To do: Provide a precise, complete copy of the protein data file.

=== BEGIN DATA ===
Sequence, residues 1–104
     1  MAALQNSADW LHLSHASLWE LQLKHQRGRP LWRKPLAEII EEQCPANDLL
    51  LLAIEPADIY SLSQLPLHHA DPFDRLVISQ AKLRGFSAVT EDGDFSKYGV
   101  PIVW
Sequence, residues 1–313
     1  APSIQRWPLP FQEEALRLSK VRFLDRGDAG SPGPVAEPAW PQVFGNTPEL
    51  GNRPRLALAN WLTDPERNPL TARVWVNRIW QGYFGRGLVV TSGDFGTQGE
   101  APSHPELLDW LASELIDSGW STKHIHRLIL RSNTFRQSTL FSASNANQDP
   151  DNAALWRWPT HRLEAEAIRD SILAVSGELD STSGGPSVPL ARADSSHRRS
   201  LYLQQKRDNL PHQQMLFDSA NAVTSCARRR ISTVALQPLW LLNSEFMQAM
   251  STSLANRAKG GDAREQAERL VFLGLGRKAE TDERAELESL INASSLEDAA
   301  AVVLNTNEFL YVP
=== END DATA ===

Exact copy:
Sequence, residues 1–104
     1  MAALQNSADW LHLSHASLWE LQLKHQRGRP LWRKPLAEII EEQCPANDLL
    51  LLAIEPADIY SLSQLPLHHA DPFDRLVISQ AKLRGFSAVT EDGDFSKYGV
   101  PIVW
Sequence, residues 1–313
     1  APSIQRWPLP FQEEALRLSK VRFLDRGDAG SPGPVAEPAW PQVFGNTPEL
    51  GNRPRLALAN WLTDPERNPL TARVWVNRIW QGYFGRGLVV TSGDFGTQGE
   101  APSHPELLDW LASELIDSGW STKHIHRLIL RSNTFRQSTL FSASNANQDP
   151  DNAALWRWPT HRLEAEAIRD SILAVSGELD STSGGPSVPL ARADSSHRRS
   201  LYLQQKRDNL PHQQMLFDSA NAVTSCARRR ISTVALQPLW LLNSEFMQAM
   251  STSLANRAKG GDAREQAERL VFLGLGRKAE TDERAELESL INASSLEDAA
   301  AVVLNTNEFL YVP